INSTALLATION STATUS: Open Protecting Fort Hood starts with you. If you see or hear anything suspicious, call 288-COPS (2677). Think....Protect...OPSEC!

Protecting Fort Hood starts with you. If you see or hear anything suspicious, call 288-COPS (2677). Think....Protect...OPSEC!


Weather information comes in a wide variety of formats. The various Internet, radio and TV weather services provided by the U.S. government are designed to meet the needs of professional aviators, mariners and the general public. These sites are designed to meet your weather information needs.

Child, Youth, and School Services Inclement Weather Grid: download pdf

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National Weather Service Forecasts

The National Weather Service (NWS) provides weather, hydrologic, and climate forecasts and warnings for the United States, its territories, adjacent waters and ocean areas, for the protection of life and property and the enhancement of the national economy. NWS data and products form a national information database and infrastructure which can be used by other governmental agencies, the private sector, the public, and the global community.

Get the latest Fort Hood weather from any Internet portal by clicking on:

3d Weather Suadron Patch

3d Weather Squadron

The squadron is the largest base- or post-level weather unit in the Air Force. The support provided by the squadron is as diverse as its history and that of the Army customers it supports. For example, the squadron maintains a 24-hour observing and forecasting section at Robert Gray Army Airfield with automated observing at Hood Army Airfield.

The latest weather information for professional aviators – or anyone with AKO access – is online at:

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NOAA Storm Watch

You'll find links to the latest weather forecasts around the USA. Track storms through NOAA weather satellites, get the latest weather maps and learn how to protect yourself and your community from severe weather. Hurricane, drought and tornado information can be found at the listed NOAA Web sites. Check it out online at:

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National Hurricane Center

The Center exists To save lives, mitigate property loss, and improve economic efficiency by Issuing the best watches, warnings, forecasts and analyses of hazardous tropical weather, and by increasing understanding of these hazards. For an in-depth understanding of what the NHC has to offer, visit their website at:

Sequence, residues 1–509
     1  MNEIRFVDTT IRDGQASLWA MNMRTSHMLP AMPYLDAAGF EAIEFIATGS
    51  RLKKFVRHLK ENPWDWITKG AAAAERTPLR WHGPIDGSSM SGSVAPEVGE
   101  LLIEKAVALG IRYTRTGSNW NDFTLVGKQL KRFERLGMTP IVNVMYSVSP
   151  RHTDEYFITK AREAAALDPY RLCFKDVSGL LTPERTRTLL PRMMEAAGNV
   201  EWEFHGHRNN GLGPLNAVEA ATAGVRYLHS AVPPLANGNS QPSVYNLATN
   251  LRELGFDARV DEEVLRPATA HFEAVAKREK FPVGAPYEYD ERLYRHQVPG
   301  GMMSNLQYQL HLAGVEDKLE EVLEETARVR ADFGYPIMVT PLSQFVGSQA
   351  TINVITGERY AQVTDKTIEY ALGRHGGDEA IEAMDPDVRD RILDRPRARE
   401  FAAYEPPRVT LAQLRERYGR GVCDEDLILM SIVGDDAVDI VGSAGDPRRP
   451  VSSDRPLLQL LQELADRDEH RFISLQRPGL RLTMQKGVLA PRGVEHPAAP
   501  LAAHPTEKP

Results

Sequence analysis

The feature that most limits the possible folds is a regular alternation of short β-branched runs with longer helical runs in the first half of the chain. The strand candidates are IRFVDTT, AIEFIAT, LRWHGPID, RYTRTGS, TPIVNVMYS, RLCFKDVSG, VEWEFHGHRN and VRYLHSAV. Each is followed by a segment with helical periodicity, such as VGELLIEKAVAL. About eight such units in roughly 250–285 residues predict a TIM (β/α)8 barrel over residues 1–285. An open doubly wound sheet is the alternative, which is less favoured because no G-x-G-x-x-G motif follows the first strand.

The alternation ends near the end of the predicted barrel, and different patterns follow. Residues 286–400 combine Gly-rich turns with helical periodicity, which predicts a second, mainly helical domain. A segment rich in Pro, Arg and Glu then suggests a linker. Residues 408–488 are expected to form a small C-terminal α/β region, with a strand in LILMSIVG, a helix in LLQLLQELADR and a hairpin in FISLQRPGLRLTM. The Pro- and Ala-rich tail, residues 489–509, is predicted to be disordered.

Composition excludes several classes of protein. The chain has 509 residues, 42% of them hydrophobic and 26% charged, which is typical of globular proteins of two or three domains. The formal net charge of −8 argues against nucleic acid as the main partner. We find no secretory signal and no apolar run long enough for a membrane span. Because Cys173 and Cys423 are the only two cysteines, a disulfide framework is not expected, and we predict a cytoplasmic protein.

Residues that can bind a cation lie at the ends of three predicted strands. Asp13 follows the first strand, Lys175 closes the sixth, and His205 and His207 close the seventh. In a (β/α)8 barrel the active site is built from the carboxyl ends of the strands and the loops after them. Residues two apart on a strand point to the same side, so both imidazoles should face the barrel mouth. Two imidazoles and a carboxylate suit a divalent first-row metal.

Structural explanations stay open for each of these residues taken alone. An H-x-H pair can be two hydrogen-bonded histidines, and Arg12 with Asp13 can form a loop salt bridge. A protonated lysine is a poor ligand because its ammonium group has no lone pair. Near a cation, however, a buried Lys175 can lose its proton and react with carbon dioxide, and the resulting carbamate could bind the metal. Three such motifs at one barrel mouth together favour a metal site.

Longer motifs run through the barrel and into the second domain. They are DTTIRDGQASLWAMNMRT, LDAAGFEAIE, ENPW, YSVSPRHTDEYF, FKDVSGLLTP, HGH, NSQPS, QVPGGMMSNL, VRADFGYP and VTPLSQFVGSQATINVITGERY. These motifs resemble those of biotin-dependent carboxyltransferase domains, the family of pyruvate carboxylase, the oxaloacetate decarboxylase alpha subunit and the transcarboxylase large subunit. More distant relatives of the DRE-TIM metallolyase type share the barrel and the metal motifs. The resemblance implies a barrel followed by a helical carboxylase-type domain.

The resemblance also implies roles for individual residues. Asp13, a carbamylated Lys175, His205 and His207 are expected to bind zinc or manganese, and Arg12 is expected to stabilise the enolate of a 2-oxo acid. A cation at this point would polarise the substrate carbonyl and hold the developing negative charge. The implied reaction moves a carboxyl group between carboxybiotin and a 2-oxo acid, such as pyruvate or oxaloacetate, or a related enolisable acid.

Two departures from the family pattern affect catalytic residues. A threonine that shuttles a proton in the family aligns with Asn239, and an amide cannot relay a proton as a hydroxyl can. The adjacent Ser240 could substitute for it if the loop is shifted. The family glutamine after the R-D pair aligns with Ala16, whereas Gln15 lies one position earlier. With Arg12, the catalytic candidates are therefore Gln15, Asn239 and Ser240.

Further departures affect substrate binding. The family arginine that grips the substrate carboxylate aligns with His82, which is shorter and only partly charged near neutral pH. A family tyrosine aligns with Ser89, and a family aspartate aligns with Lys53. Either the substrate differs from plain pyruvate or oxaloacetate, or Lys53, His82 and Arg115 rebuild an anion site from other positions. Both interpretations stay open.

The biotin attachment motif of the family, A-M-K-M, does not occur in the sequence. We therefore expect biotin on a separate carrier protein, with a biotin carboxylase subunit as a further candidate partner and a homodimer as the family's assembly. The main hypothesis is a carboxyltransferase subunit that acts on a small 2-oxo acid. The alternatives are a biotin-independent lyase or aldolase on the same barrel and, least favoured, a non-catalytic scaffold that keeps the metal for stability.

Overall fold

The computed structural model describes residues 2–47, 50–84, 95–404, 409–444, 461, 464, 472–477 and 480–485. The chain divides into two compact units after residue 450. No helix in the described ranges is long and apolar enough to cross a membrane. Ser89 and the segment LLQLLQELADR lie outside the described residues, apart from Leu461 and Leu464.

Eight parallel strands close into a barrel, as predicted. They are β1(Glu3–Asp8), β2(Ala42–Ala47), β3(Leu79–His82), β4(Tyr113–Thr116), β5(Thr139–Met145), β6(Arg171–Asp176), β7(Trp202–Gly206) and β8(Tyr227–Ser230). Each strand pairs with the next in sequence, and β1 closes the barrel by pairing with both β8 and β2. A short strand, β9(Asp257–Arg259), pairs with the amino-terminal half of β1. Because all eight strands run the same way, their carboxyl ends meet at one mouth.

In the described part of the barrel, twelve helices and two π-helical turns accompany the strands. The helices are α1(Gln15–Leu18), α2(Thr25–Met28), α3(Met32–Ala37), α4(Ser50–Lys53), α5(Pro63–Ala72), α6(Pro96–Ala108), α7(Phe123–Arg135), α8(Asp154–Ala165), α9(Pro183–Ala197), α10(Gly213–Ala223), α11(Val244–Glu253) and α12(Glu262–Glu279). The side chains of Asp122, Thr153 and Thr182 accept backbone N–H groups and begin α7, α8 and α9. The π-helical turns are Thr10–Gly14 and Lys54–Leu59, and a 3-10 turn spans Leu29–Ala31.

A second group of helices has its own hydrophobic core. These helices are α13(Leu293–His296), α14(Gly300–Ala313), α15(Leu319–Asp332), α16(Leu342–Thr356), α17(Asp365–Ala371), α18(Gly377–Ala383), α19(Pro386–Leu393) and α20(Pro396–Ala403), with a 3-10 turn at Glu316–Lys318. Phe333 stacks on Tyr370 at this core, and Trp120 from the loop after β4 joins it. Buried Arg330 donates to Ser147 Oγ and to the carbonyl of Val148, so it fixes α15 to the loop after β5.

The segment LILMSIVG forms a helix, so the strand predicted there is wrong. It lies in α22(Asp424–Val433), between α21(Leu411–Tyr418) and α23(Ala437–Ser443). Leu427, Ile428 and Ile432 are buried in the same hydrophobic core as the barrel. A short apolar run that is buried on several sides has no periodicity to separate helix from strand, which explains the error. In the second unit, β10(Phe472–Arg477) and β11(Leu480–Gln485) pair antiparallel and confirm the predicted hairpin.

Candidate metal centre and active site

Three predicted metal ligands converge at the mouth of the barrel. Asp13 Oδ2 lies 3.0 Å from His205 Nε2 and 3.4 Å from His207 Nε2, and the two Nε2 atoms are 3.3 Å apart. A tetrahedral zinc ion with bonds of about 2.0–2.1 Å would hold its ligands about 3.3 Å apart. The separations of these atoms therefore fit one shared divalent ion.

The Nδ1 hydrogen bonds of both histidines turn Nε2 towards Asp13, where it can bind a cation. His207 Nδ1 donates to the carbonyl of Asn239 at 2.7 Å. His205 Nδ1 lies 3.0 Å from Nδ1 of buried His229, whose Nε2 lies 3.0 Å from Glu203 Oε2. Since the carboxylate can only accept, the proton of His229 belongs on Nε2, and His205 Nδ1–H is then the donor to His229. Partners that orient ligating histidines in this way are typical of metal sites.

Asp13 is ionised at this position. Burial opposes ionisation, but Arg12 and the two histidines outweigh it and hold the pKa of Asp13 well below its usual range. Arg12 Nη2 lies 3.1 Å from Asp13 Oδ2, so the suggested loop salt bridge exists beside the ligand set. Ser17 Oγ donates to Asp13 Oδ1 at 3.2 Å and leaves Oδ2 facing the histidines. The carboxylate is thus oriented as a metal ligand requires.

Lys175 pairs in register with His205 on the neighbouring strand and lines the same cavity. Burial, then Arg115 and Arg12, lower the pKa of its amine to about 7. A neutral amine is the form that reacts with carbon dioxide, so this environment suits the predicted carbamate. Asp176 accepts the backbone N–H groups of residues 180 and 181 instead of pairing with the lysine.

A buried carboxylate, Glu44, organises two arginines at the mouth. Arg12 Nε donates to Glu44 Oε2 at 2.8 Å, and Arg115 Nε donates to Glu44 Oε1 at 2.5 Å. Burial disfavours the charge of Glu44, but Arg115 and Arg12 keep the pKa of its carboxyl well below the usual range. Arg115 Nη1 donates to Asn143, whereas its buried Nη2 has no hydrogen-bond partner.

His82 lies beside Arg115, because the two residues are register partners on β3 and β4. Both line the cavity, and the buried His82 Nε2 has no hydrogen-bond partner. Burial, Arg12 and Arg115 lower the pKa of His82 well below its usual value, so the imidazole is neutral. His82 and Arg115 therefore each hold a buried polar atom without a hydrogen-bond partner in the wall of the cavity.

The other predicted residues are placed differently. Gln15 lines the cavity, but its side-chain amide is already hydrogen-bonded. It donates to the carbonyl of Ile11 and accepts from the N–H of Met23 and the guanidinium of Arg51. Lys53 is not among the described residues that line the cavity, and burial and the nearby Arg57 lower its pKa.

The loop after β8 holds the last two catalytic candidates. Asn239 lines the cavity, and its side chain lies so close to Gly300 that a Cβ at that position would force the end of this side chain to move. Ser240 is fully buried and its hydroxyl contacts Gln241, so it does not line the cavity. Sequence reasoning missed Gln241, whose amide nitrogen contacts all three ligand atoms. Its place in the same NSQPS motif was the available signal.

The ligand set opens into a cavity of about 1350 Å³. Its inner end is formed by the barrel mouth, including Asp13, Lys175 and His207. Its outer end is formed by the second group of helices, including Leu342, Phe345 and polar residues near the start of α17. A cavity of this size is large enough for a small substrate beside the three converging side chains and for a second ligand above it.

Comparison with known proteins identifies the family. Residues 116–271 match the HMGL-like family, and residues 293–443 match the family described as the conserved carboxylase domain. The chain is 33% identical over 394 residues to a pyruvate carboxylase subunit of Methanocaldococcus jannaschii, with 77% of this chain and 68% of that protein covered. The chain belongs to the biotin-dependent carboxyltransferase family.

Thunderstorm, Tornado & Lightning Preparedness Guide

Families should be prepared for all hazards that could affect their area. NOAA’s National Weather Service, the Federal Emergency Management Agency, and the American Red Cross urge every family to develop a family disaster plan.

Where will your family be when disaster strikes? They could be anywhere—at work, at school, or in the car. How will you find each other? Will you know if your children are safe? Disaster may force you to evacuate your neighborhood or confine you to your home. What would you do if basic services—water, gas, electricity, or telephones—were cut off?

Answers to these questions and more available online at:

Flash Floods

"Flash Floods and Floods...The Awesome Power" is a 16-page, 4-color brochure published by the U.S. Dept. of Commerce that gives information on flash floods and floods, how they happen, dangers to people, driving safety, and background information. Local Red Cross chapters can order the brochures in packages of 10 as stock number A4493 for a nominal fee.

It’s available online at:

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If a heat wave is predicted or happening

  • Slow down. Avoid strenuous activity. If you must do strenuous activity, do it during the coolest part of the day, which is usually in the morning between 4 and 7 a.m.
  • Stay indoors as much as possible. If air conditioning is not available, stay on the lowest floor, out of the sunshine. Try to go to a public building with air conditioning each day for several hours. Remember, electric fans do not cool the air, but they do help sweat evaporate, which cools your body.
  • Wear lightweight, light-colored clothing. Light colors will reflect away some of the sun's energy.
  • Drink plenty of water regularly and often, even if you do not feel thirsty. Your body needs water to keep cool.
  • Water is the safest liquid to drink during heat emergencies. Avoid drinks with alcohol or caffeine in them. They can make you feel good briefly, but make the heat's effects on your body worse. This is especially true about beer, which dehydrates the body.
  • Eat small meals and eat more often. Avoid foods that are high in protein, which increase metabolic heat.
  • Avoid using salt tablets unless directed to do so by a physician.